V.E. Schwab is an absolute delight on Twitter. Following her brings me publishing info, random trivia, and delightful animal pictures and travel anecdotes. I read the first book in one of her other trilogies a while ago and my experience there echoed my experience of Vicious, the first in her Villains series.
Schwab’s style is very much like a cartoon bomb with a very long fuse that is lit from a far distance and the only thing we get to see is the slow progression of the lit end as it eats away at the fuse, moving towards the large explosion at the end. We’re not allowed to see where the explosion will happen or how big it might be. She expects us to be interested in the little things and to follow along, trusting that something huge will come at the end.
I see why steady fans are absolutely rabid for her. She respects the patience and intelligence of her readers and writes for the story and not necessarily for flashy chapters. I found myself having to ration my patience, motivate myself to read just one more chapter, because previous experience has shown me that Schwab doesn’t disappoint, she just makes you wait for it.
This style of writing and my understanding of it kept me reading this book, but it also kept me away from the sequels to A Darker Shade of Magic. When I have more time, maybe over the summer or someday when I can take time away from teaching, I can give more of my patience to smart, slow, fireworks finale books like this. Unfortunately I need a little more than what these books have to give to keep me reading and consistently enjoying what I read. I almost put this book away three times (I bought it on a $2.99 Kindle deal) but I had to continually remind myself to keep going because my time would pay off.
The story centers around Eli and Victor. They are students who decide to study EOs (ExtraOrdinary people) for their scientific theses. In the process of researching how EOs are created, Eli posits that near death episodes (NDEs) create a situation where the person comes back, but with powers that mirror their final thoughts or desires just before “death.” They decide to try to make each other an EO by overseeing conditions that cause one and then the other to die and then be brought back to life. Their experiments are successful, and the consequences for themselves and the people they love end up being more than they bargained for.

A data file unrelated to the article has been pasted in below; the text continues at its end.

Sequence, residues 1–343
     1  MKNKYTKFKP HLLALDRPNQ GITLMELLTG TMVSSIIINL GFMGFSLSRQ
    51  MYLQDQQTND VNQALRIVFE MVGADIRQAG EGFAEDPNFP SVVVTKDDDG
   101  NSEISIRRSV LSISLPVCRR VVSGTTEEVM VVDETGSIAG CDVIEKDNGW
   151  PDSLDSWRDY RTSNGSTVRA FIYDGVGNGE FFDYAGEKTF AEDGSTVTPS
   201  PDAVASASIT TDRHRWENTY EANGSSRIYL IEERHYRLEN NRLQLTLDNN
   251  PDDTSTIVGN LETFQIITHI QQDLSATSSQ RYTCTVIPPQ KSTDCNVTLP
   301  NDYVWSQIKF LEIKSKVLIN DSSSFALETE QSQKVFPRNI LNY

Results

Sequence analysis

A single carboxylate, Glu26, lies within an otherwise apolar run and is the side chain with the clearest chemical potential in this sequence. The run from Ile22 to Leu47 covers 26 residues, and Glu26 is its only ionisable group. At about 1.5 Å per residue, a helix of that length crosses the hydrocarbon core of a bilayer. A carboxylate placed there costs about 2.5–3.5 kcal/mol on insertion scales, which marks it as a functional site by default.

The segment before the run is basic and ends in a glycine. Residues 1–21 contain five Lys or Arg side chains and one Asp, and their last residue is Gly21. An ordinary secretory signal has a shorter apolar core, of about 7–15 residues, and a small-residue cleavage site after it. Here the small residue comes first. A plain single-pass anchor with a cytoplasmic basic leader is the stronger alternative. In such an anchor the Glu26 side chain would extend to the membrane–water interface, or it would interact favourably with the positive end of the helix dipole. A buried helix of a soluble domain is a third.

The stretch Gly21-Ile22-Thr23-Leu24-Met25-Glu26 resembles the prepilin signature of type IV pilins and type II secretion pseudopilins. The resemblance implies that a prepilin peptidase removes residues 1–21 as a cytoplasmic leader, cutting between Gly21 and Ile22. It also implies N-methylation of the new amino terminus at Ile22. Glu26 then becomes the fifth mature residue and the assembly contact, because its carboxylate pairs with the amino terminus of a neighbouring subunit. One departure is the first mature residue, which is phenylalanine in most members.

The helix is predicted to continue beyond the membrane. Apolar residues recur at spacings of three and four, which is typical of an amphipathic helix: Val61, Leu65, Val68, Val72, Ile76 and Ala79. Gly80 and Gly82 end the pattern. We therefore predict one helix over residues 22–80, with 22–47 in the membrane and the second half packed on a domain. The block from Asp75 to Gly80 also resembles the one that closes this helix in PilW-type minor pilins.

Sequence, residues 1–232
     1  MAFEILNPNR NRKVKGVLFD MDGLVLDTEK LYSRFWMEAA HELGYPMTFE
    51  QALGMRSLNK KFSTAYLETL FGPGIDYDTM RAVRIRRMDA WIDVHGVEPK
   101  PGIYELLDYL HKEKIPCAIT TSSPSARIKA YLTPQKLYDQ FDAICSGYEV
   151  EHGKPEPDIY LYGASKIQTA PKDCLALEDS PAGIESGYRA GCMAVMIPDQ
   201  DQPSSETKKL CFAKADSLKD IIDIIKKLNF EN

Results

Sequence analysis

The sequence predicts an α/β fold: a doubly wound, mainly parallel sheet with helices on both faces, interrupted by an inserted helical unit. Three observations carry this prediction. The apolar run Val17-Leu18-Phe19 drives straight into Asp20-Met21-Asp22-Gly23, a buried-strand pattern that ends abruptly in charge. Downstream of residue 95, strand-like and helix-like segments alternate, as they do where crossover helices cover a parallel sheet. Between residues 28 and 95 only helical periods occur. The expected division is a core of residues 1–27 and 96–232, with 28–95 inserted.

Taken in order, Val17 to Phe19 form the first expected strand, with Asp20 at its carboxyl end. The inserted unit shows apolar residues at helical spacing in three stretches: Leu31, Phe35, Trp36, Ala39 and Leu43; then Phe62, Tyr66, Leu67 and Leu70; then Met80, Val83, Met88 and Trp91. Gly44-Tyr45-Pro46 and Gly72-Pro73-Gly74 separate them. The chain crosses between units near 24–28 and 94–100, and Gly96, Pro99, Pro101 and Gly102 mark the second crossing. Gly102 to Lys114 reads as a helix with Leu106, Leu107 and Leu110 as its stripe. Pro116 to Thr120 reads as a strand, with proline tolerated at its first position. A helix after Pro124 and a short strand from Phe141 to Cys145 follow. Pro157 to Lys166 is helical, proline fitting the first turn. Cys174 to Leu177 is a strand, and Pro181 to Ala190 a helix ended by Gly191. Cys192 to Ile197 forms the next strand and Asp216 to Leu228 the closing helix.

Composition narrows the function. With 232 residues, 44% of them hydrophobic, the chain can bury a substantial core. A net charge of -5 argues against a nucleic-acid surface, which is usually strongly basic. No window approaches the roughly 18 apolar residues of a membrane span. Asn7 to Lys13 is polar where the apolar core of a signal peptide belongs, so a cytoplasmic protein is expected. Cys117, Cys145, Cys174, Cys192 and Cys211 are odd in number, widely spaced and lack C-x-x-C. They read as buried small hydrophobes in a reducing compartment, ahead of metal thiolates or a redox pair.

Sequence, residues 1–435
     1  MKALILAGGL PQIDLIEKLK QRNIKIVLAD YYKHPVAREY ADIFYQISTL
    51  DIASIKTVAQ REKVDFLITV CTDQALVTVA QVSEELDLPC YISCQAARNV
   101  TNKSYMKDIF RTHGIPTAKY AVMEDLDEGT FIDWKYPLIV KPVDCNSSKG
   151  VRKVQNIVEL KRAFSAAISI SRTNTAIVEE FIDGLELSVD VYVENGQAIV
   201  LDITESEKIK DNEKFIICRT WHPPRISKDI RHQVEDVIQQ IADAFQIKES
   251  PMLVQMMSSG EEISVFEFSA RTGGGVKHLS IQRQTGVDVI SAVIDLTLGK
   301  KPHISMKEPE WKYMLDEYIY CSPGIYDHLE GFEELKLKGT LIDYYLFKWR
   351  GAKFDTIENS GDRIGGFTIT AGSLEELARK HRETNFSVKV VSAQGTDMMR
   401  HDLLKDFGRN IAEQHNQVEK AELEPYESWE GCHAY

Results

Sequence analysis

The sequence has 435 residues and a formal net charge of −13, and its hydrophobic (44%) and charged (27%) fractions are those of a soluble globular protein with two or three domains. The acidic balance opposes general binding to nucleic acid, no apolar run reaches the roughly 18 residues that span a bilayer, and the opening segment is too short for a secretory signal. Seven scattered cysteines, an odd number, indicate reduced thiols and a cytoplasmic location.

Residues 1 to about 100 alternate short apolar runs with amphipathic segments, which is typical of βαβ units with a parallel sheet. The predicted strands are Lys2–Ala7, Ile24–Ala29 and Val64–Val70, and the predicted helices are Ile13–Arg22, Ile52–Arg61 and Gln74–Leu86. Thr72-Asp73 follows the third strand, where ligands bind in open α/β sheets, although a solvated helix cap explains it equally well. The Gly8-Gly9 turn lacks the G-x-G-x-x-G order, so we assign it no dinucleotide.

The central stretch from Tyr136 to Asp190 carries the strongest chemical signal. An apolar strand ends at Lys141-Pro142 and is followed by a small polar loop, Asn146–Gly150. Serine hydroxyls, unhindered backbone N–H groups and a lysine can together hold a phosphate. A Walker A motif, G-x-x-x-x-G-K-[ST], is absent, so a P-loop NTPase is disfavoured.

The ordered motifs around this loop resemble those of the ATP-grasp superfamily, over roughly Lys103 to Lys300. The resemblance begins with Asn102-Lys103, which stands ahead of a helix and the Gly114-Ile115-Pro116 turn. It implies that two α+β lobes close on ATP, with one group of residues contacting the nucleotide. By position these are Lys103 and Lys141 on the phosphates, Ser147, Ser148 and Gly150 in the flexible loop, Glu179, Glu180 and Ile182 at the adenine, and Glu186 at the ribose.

The book leads us through their present day movements and flash backs to their past relationship to illustrate how Eli and Victor become enemies, and their slow progression to a face off fueled by revenge and self-righteousness. Each man has gathered other EOs to their side and are using their abilities to achieve their respective goals, which are to eliminate each other. The clock ticks the hours, then the minutes by leading up to their confrontation. (The grammar of this paragraph is horrid, I know. Just know it’s a race to see who kills who first.)
The follow up to this book, Vengeful, is coming out on September 25th, so you have time to read through Vicious before its release to get caught up. My only suggestion is that you start now because you’ll want to read Vicious in bites – read too long and you will feel bored and want to set it aside – so you make it through the entire thing and get to enjoy the ending. I myself won’t be moving on to Vengeful. I’ve had my fill of these books and don’t want to have to “homework assignment” myself through another one. But they are smart and have great endings, so if you like those kinds of books, definitely go get you some. I think I’ve learned that they just aren’t for me.